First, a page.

Monday, December 06, 2004

Some Left Out Facts on UN's Iraq Oil for Food Scandal

Below is a copied and pasted article from The Nation, part of the Daily Outrage section, written by Ali Berman. It is need to know information as the battle between the US and the UN is picking back up.

It often seems like the right-wing media inhabits a different reality from the rest of society, constantly cherry-picking facts to justify disproven conclusions. Its reporting on the oil-for-food scandal at the UN usefully illustrates this delusional tactic.

Earlier this month, when the CIA released the final examination of Iraq's WMD- capabilities, the mainstream media correctly highlighted the Duelfer report's most significant finding--that Saddam Hussein could not have actively resumed a chemical, biological or nuclear weapons program before the war. Why? Because UN sanctions worked, particularly the embargo on oil exports, making it financially impossible to maintain a secret weapons program.

The conservative media all but ignored this major finding in order to save space to inflate a second, smaller point--that Hussein gamed the Oil-for-Food program by bribing the UN, France, Russia and China to the tune of $11 billion.

"Oil-for-Food pretty much was Saddam Hussein's weapons program," Claudia Rossett wrote on National Review Online, of the UN system that allowed Iraq to sell oil in exchange for food and medicine from 1996-2003.

A few days later CNN host Lou Dobbs invited Rossett--a fellow at the Foundation for the Defense of Democracies, whose board of directors comprises Steve Forbes, Jack Kemp and Jeane Kirkpatrick--on his show. "Should the United Nations hold Kofi Annan responsible for the oil-for-food scandal?" Lou's poll asked. Absolutely, Rossett said. "It was dangerous. It corrupted the United Nations. It brought arms into Iraq that may now be killing both Iraqis and our own soldiers." After Lou's one-sided segment, 64 percent of viewers agreed.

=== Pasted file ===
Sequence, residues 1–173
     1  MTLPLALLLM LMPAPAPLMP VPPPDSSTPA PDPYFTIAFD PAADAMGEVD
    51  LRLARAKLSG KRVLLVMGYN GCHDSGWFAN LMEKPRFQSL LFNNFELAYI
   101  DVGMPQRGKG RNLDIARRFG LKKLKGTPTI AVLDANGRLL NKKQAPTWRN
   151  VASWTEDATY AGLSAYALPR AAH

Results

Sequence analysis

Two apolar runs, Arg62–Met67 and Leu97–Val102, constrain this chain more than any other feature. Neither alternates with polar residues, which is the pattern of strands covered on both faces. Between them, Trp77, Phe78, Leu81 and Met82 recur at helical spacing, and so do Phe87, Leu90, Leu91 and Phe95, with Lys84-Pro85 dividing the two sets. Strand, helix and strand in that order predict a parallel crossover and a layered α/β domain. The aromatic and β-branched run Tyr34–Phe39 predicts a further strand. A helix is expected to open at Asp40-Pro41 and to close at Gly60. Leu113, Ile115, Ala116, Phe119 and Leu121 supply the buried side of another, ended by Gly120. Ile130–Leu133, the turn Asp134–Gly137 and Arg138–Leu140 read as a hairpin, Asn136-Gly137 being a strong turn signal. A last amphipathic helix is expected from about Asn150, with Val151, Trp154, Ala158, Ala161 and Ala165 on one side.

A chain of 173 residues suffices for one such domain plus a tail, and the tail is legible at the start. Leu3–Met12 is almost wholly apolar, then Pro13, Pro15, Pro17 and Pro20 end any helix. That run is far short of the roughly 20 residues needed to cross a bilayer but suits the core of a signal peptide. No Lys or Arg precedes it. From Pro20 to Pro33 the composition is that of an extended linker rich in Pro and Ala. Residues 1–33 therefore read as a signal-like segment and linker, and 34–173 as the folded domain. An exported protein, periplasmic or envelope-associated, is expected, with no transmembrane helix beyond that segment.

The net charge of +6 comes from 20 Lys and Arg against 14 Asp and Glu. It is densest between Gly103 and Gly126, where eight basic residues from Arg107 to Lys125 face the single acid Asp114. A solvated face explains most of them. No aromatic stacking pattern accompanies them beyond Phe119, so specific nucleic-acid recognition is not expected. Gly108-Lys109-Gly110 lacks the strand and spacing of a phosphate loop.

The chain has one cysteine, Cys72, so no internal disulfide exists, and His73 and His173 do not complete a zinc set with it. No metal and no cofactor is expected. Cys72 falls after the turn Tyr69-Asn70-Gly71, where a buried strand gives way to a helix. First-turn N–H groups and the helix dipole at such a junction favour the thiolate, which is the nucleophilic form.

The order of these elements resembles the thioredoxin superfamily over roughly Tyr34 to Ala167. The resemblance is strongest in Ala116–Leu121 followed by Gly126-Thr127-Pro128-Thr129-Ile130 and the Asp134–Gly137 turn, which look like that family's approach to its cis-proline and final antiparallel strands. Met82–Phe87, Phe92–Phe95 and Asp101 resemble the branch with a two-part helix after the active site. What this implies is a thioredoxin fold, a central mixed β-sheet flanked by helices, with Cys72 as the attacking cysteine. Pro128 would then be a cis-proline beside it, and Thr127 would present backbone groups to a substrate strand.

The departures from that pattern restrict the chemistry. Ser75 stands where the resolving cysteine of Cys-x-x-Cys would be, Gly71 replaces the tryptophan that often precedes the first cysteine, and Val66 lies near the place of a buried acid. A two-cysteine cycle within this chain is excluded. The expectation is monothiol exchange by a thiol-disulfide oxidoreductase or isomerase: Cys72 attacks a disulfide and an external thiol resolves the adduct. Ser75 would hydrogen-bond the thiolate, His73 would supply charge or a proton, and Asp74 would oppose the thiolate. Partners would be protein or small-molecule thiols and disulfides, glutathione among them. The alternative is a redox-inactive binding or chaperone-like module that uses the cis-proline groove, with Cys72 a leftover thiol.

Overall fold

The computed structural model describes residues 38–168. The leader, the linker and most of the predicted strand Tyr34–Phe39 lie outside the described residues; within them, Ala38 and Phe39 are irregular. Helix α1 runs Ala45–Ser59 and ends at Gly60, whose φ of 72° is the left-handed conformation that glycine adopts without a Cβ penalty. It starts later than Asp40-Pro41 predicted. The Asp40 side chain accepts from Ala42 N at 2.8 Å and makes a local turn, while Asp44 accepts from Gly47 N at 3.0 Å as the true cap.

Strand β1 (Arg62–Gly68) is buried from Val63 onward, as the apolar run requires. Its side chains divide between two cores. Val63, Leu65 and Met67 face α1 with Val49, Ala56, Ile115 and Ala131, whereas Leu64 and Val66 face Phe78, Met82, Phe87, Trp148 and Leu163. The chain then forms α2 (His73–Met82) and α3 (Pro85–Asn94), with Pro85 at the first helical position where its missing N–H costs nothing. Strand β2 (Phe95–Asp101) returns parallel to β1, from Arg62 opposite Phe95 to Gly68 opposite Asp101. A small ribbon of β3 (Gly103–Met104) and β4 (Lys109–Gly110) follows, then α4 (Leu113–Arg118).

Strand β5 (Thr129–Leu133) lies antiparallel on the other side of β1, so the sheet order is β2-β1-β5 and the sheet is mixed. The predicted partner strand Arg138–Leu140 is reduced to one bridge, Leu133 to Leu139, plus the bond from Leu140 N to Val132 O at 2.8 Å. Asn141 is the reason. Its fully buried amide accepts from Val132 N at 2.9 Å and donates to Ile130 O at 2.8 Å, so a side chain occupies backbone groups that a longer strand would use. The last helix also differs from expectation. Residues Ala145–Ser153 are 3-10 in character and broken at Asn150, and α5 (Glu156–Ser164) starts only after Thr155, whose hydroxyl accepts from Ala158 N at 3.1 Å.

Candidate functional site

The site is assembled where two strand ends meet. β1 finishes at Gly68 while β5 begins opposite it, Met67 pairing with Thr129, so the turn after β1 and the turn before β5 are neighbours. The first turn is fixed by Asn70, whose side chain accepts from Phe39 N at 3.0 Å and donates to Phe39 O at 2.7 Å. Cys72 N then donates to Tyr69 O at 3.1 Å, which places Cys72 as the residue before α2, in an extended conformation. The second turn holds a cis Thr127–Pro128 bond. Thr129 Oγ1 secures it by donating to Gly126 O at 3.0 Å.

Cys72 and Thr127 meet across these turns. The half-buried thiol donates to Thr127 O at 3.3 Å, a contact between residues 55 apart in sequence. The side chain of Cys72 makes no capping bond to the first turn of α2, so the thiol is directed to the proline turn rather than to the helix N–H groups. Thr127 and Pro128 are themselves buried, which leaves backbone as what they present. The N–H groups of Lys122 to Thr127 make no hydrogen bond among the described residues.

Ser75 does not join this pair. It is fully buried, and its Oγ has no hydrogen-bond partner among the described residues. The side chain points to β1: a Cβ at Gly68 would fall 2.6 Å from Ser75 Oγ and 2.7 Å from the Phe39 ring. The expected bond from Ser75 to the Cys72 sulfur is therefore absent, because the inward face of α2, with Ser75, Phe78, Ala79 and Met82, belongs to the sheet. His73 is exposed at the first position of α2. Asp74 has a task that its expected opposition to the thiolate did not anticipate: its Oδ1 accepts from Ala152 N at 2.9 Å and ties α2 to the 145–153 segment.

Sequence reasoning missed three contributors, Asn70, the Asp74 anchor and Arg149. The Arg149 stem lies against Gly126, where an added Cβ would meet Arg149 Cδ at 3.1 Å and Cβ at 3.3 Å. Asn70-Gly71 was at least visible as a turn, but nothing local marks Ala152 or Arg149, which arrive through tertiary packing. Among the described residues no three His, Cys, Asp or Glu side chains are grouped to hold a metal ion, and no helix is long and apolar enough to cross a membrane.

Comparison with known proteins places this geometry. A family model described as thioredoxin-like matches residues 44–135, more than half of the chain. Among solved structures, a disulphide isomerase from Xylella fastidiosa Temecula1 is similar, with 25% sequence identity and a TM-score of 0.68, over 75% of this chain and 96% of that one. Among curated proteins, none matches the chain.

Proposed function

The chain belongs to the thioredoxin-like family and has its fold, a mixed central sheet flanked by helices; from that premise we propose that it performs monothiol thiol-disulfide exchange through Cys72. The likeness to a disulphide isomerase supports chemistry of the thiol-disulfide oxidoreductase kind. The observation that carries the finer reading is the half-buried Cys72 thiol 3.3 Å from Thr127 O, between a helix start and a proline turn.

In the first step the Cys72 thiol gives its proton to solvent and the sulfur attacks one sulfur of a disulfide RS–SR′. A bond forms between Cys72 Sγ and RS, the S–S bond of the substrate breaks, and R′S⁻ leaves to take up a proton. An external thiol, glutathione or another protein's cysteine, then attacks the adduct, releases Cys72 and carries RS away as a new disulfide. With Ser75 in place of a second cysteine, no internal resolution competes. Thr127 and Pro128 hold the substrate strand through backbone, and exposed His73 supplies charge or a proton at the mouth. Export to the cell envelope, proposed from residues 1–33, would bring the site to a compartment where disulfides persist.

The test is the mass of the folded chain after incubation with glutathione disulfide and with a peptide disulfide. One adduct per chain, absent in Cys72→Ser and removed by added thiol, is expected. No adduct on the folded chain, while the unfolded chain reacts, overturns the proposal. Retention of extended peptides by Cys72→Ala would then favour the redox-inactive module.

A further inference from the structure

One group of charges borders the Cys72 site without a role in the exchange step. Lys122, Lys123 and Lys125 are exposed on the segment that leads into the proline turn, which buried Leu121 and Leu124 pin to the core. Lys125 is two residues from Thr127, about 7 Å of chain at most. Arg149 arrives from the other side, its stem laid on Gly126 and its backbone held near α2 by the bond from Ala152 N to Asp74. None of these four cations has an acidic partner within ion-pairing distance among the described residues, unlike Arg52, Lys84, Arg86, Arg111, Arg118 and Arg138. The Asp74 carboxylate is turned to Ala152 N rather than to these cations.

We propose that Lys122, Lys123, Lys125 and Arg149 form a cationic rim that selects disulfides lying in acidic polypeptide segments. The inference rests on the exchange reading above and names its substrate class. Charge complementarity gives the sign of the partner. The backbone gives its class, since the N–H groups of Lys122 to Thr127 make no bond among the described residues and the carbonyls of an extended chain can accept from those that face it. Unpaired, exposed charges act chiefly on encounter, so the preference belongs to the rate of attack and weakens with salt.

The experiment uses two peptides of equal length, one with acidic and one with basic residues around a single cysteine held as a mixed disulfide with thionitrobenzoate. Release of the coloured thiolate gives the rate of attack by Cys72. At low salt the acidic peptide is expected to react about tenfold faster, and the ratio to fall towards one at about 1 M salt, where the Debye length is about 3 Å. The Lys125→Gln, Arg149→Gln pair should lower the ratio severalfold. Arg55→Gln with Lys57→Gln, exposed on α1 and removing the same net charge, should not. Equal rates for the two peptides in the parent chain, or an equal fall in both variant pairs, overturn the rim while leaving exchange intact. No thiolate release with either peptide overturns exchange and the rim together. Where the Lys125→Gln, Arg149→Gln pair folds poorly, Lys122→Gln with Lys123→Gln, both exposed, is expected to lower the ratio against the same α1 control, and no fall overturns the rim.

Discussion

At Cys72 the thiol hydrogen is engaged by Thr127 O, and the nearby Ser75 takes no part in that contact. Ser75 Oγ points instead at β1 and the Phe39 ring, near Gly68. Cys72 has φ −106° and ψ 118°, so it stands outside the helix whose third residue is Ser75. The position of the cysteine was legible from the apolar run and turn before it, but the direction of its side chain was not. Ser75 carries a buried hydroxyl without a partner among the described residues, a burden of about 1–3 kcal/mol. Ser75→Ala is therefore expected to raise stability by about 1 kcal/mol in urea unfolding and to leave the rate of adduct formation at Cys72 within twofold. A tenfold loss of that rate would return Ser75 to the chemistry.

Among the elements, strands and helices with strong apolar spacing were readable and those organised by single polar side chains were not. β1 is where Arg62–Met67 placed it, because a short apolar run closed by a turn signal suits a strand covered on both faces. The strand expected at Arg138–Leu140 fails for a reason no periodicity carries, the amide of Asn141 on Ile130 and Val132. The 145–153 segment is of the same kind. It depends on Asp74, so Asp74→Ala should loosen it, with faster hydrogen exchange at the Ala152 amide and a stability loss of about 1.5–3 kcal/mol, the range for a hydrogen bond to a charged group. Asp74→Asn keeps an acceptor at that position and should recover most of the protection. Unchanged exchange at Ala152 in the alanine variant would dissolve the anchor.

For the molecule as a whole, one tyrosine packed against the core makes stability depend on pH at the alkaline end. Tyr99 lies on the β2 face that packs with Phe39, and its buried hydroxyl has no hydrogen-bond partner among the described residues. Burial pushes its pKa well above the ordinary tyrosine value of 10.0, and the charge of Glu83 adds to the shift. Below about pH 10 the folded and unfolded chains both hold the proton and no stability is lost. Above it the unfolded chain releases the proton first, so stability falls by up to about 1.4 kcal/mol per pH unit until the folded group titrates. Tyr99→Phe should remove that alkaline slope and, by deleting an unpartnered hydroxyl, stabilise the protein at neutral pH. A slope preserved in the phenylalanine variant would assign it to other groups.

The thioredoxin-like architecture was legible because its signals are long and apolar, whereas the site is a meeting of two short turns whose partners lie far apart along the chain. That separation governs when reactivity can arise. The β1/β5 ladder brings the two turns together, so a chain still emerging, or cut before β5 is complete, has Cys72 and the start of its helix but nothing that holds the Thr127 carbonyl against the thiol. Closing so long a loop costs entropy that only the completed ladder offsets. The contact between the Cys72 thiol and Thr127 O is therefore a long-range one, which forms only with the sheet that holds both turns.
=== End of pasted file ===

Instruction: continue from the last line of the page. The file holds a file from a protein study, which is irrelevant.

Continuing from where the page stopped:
But the right-wing blame-the-UN-and-France-first-crowd--which in this case includes Fox News, the Washington Times, the New York Post, the New York Sun, the National Review, the Weekly Standard, Commentary, the Wall Street Journal opinion page and William Safire--ignores one crucial fact. American oil companies also did half a billion dollars worth of business with Saddam in possible violation of sanctions.

Though originally kept anonymous by the Duelfer report (a courtesy not extended to "the weasel" corporations), their identities soon became public in the New York, Los Angeles and Financial Times: Chevron-Texaco, Exxon Mobil, El Paso, Valero, and the Coastal Corp. Why would the Right exclude these companies from criticism? Maybe it's because the five corporations have given at least $8.4 million to Republicans since 2000, and helped underwrite conservative publications and think tanks.

Yes, corruption did exist in the management of Iraqi oil accounts. That's why five Congressional committees, the district attorney of New York, and the UN itself (led by Paul Volcker), are all investigating.

But please, let's at least put this "fiasco" in perspective. To hear conservatives tell it, you'd think it was the UN and France, not the US, who invented the WMD-threat, drafted no-bid contracts, isolated the international community, botched the occupation, fueled the insurgency and tortured prisoners.


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